Iraqis Take Over Basrah Division

** This news from Friday may help explain the reports this week of British troop reductions in southern Iraq.

A member of the British Royal Marines from the 539 Assault Squadron (R) talks to a member of the Iraqi Coast Guard before conducting a side-by-side patrol as part of Operation Troy in the waterways of Basra, 550 km (340 miles) south of Baghdad, February 15, 2007. Picture taken February 15, 2007. (REUTERS/British Royal Marines)

Haider Ajina passes on this good news from southern Iraq:
The following is press release from the Multi-National force HQ in Iraq.

Basrah IA division transfers to Iraqi command
Friday, 23 February 2007

BASRAH — The Iraqi Army division based in Basra has transferred from Coalition command, and is now – for the first time – taking its orders direct from an Iraqi headquarters in Baghdad. The transfer is a significant step toward Iraqi forces taking responsibility for security in the city.

The milestone agreement was formalized in a Memorandum of Understanding signed by Major General Jonathan Shaw, General Officer Commanding Multi National Division (South East), and General Abdul Lateef Thu’ban, Commander of 10 Iraqi Army Division.
“Today marks another important milestone on the road to Iraqi self-reliance. 10 Iraqi Army Division have made impressive progress in recent months,” Shaw said. “I am delighted to be signing this Memorandum of Understanding with General Lateef, Commanding General 10 Division, setting out how we will continue to support him and his soldiers to deliver security to all the citizens of South East Iraq.”

Under the terms of the MOU, which defines the coordination, cooperation and responsibilities agreed between 10 IA Div and MND (SE), Iraqi soldiers will take more of a lead on security operations, whilst Multi National Forces move to a more supporting role.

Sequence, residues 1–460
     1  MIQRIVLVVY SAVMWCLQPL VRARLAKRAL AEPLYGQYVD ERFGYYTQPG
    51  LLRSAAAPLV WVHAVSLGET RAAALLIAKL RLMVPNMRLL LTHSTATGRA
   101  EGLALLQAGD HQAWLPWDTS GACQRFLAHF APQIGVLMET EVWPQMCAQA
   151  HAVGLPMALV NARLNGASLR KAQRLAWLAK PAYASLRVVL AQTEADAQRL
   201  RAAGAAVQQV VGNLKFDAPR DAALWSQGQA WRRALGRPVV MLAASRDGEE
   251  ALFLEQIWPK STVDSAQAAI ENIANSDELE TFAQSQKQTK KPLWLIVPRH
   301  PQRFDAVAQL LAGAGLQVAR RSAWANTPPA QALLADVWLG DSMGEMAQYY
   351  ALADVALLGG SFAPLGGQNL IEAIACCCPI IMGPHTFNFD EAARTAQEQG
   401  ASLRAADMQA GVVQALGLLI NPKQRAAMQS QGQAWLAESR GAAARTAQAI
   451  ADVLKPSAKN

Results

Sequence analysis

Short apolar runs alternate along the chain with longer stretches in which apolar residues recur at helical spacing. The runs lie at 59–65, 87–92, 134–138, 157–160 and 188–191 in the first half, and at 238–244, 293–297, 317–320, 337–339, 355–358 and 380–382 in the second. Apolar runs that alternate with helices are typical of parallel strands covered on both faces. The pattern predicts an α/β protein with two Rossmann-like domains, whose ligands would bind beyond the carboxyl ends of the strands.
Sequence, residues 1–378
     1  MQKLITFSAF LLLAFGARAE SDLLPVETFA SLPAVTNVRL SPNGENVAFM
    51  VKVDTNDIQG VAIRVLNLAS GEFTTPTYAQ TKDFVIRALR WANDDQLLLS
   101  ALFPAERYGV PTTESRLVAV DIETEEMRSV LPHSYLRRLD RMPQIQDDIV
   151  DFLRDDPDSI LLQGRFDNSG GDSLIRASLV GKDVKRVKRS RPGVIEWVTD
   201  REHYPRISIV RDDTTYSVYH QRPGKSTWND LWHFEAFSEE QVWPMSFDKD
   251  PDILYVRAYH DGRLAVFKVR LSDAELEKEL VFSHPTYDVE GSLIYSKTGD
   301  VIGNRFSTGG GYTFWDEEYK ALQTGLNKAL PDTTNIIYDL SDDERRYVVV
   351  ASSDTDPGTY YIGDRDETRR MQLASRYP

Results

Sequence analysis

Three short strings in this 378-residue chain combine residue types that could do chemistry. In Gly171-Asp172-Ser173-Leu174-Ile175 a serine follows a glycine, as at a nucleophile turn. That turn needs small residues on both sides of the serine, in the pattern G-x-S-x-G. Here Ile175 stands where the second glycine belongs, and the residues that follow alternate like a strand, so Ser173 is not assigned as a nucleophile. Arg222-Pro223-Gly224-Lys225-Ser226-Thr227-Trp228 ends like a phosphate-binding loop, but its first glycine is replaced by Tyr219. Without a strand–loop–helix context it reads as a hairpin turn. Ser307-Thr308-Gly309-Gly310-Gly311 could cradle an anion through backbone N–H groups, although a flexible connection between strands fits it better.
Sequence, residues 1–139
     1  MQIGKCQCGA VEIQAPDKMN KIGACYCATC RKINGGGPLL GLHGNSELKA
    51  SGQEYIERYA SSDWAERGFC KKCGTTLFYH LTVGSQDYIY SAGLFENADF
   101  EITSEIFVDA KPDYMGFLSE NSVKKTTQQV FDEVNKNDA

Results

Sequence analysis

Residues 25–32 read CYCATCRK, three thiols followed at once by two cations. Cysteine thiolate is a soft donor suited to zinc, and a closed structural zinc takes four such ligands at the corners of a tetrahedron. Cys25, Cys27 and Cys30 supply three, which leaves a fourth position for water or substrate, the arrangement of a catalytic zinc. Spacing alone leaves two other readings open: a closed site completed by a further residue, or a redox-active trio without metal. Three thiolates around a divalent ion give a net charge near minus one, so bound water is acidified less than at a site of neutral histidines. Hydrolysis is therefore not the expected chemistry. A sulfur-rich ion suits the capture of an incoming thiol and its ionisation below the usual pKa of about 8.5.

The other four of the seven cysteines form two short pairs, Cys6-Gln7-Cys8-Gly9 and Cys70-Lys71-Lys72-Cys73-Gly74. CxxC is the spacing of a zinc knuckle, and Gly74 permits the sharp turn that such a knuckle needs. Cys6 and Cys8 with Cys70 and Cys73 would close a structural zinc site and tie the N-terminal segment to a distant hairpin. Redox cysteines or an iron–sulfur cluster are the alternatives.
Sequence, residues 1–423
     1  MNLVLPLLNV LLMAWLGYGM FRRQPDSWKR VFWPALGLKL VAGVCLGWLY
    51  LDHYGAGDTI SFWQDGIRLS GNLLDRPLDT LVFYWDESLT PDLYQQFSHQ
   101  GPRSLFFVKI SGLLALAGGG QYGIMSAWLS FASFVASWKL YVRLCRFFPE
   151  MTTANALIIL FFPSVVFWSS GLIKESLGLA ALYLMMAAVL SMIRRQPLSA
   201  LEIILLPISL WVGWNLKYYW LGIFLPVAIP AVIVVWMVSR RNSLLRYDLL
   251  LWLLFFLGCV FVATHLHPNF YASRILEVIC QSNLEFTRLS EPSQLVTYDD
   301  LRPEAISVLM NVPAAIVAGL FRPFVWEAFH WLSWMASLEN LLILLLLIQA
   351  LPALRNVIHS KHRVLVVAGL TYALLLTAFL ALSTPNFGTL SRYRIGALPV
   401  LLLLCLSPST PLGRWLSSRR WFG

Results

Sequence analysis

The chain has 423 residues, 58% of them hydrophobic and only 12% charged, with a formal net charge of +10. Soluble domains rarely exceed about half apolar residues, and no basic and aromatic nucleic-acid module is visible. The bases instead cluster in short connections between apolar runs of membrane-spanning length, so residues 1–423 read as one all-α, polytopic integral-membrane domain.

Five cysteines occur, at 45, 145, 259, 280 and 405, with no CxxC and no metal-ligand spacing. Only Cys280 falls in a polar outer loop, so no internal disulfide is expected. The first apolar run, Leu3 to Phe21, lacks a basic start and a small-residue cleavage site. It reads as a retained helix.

The new arrangements were used in full during last week’s Operation Troy – a successful security crackdown which saw the reinforcing and closure of border crossing points between Iran and Iraq.

Iraqi-American Haider Ajina comments:

Iraq’s second largest city and southern Iraq’s most populace province is gradually coming under full Iraqi control. The coalition forces training and equipment supply to the Iraqis is bringing us closer to our goal of having a more secure and stable Iraq, under Iraqi control.

Four provinces are under full provincial control already they are Muthena, Meisan, Nejaf and Dhi Qar. When Basra joins them all Iraqi southern provinces but one (Qadesiah province) will be under Iraqi provincial control.

Basra is Iraq’s port city and the province has Iran as its eastern border and Kuwait as its southern border. This presents a difficult challenge. Not only do they have to maintain their own security they have to deal with the border influence. Much trade and traffic comes from both Kuwait & Iran.

Since Iraq has a free economy, there are no restrictions on trade with either country. The free economy, and low taxes and tariffs, has obviously contributed positively to the economic growth of Iraq and its neighbors, in spite of the terrorist activities.

Jobless numbers are declining in Iraq as well as Iraqi buying power is increasing. This is evident by observing the increase of 500 percent the number of cars in the last 3 years. Commence in Iraq especially in Kurdistan and the south is booming. Baghdad has experienced tremendous growth in economic activity in spite of the violence. This is evident by the increase of the prices of real estate in Baghdad many hundreds percent.

Average wages have also increased at similar pace. Health care and electricity in most of the provinces has much improved and is better than it was under Saddam. Medicines are readily available and affordable. These were always in short supply under Saddam’s rule.

Regards,
Haider Ajina

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